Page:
HONG KONG: Asian markets sank on Thursday following a heavy sell-off on Wall Street as a mixed bag of data raised concerns about the global economy, while the dollar tumbled a day after breaking 110 yen for the first time in six years.
Traders are now awaiting a European Central Bank (ECB) policy meeting later in the day and the release of US jobs figures on Friday.
Tokyo tumbled 2.61 percent, or 420.26 points, at 15,661.99 and Seoul lost 0.77 percent, or 15.38 points, to close at 1,976.16 and Sydney eased 0.68 percent, or 36.43 points, to 5,297.7.
Hong Kong, Shanghai and Mumbai were closed for public holidays. A pro-democracy campaign in Hong Kong is also being closely tracked.
Protest leaders have called for the leader of the financial hub to stand down by the end of the day or they will step up their demonstration, which has so far been largely peaceful. US shares suffered heavy losses Wednesday after the Commerce Department said construction spending in August fell unexpectedly, while a separate report showed manufacturing activity slowed in September.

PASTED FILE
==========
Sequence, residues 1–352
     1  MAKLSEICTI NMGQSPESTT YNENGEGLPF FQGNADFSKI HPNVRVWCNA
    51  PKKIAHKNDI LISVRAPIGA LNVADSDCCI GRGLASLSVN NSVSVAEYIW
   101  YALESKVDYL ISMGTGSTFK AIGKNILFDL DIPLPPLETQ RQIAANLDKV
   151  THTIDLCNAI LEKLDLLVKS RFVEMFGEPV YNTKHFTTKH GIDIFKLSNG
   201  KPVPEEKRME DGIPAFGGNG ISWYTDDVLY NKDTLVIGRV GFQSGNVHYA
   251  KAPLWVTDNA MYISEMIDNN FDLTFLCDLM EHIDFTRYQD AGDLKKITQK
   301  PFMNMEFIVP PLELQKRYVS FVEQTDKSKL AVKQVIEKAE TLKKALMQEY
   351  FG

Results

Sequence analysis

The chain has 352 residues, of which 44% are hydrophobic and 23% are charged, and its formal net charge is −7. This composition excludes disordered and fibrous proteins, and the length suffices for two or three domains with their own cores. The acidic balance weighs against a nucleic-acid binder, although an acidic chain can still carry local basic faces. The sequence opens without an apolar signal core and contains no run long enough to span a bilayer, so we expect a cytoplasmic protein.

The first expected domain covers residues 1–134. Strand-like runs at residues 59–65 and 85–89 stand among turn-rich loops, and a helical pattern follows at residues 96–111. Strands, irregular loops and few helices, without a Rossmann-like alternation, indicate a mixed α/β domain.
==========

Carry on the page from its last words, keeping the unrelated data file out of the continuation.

The Dow tumbled 1.40 percent, the S&P 500 fell 1.32 percent and the Nasdaq lost 1.59 percent. Adding to nervousness was news of the first Ebola case in the United States.
Investors were unmoved by figures showing US private-sector employment increased 213,000 last month. The main focus of attention is Friday’s non-farm payrolls report, which is used as a barometer of the health of the world’s number one economy. A strong result could be seen as giving the Federal Reserve more room to increase interest rates sooner than its mid-2015 forecast.
On currency markets the greenback also sank in New York, ending the day at 108.91 yen, well down from the 110.09 yen it touched earlier in Tokyo—the first time it had breached 110 yen since August 2008.